​Meet your new cloud integrators. Same as your old systems ones

Boutique cloud consulting and integration specialists have all been gobbled up by traditional systems integrators. Will the same outcomes that plagued on-premises enterprise software plague the cloud?

Cloud integrators and consultants have been gobbled up and Wipro's purchase of Appirio serves as icing on the consolidation cake. The bottom line: Meet your new cloud integrators--Accenture, IBM, Deloitte et al--and realize that they may be the same as your old systems integrators.

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As former renegades like Salesforce and Workday increasingly become go-to cloud-first platforms, these companies' growth engines will need a boost from the same integrators that gave SAP and Oracle a big lift in the early days of enterprise resource planning applications.

The surge in ERP also led to an increase of costs, multiple implementation failures and a triangle of players (customers, consultants and enterprise vendors) all pointing the finger at each other.

If you listen hard enough you can hear enterprise observers mumble that Salesforce is just the new Oracle. Workday has onerous contract terms. NetSuite is just going to be part of Oracle. Toss in big integrators into the mix and guess what? The new Accenture is Accenture.

Add it up and next-gen cloud-first integrators didn't do much in the way of disruption. They were acquired. To wit:

Accenture bought DayNine, which specializes in Workday implementations.

Now if you're into that disruption storyline then maybe you hope that Wipro upends the traditional systems integrator pecking order. But you should also note that Wipro is huge in its own right.

Writing about the Wipro/Appirio merger, HfS Research's Phil Fersht and Khalda De Souza said:

Depending on the success of the merger, clients can potentially look forward to a full service suite offering around Workday, Salesforce and ServiceNow, with a focus on business outcomes. Wipro and Appirio clients we have spoken to in these markets are already pretty satisfied, highlighting Wipro's ability to provide proactive advice, and Appirio's focus on customer satisfaction. A smooth merger in the services industry is, however, seldom possible and a lot hinges on Wipro's ability to hold on to the best talent at Appirio (there will be several hungry Workday partners ready to pounce) and integrate offerings. More importantly, the challenge of integrating cultures and business could be massive, especially since Wipro has to change mindsets, working attitudes and break down its internal business silos, to take full advantage of the potential here.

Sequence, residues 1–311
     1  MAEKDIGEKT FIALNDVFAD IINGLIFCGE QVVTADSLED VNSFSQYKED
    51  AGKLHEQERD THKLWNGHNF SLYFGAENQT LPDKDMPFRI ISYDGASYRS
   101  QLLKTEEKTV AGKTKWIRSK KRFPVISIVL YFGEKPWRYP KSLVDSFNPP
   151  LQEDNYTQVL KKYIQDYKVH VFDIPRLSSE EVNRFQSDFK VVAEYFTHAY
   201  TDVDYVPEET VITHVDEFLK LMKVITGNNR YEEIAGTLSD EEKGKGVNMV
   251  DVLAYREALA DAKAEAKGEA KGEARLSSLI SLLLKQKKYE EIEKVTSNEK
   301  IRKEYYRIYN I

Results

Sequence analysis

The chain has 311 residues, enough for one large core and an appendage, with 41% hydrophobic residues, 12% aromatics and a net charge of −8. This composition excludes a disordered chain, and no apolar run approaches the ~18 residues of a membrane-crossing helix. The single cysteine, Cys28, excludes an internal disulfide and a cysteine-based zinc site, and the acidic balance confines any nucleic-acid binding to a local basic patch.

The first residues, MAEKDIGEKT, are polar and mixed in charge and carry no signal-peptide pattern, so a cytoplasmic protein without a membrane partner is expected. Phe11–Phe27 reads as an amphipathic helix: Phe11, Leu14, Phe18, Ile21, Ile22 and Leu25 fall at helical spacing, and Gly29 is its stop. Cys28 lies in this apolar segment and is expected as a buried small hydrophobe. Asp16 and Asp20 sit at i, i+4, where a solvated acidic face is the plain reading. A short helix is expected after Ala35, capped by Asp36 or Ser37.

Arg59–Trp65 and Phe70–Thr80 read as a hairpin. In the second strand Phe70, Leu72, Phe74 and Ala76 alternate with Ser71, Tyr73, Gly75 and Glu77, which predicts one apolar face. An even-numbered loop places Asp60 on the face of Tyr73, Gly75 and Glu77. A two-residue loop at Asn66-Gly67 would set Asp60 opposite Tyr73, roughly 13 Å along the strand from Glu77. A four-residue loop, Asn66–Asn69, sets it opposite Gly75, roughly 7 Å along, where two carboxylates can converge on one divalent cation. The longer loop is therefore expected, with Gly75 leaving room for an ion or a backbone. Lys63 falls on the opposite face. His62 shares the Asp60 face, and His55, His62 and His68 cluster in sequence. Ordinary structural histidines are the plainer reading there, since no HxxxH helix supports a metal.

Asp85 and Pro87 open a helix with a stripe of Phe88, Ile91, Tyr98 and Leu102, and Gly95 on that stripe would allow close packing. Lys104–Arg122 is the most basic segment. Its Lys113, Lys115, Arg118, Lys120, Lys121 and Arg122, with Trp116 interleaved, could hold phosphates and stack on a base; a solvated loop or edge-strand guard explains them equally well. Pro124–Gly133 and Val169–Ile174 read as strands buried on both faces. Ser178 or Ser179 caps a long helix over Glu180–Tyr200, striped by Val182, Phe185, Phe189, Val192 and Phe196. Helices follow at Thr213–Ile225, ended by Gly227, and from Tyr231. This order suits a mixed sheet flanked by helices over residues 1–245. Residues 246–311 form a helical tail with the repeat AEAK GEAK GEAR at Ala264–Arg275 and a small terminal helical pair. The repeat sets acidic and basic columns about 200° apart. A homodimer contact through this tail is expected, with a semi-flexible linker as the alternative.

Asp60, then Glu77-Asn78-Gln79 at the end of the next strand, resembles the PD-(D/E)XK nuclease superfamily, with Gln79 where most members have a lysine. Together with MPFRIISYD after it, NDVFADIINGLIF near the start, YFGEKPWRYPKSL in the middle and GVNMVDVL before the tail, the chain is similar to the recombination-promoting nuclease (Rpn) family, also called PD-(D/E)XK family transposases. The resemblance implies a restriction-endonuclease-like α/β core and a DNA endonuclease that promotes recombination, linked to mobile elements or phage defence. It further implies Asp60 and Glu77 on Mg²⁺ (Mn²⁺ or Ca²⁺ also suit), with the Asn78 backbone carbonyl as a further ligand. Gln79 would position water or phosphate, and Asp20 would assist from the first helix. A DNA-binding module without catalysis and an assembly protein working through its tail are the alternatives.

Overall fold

In other words, Wipro and Appirio will have their own integration issues to worry about.

If you fast forward a few years it's obvious that all that old enterprise integration work and process outsourcing will move to the cloud and SaaS market. What's not so clear is whether enterprise customers will benefit from the change in eras.

Vinnie Mirchandani, an enterprise analyst and innovation author, is already sounding the alarm bells. Mirchandani noted:

Here's the concern. Most of the large outsourcers depend heavily on 'post-live" services that came with on-premise systems - application management, systems management, hosting, BPO, upgrades. In cloud world, many of those services are provided by the "as-a-service" vendor. The Appirios of the world focused on implementations and crowd sourcing of resources. Will the larger outsourcers buy into these principles or will they try to sell those large post-live staff even around cloud systems?

There's the tug of war about to happen. Customers will have to watch closely. After all, cloud vendors need the integrator ecosystem to grow.

Now that the inflection point has come and gone via mergers and acquisitions we get to see how this plays out. The odds are that new-age integrator will be the same as the old one whether its on-prem or in the cloud.

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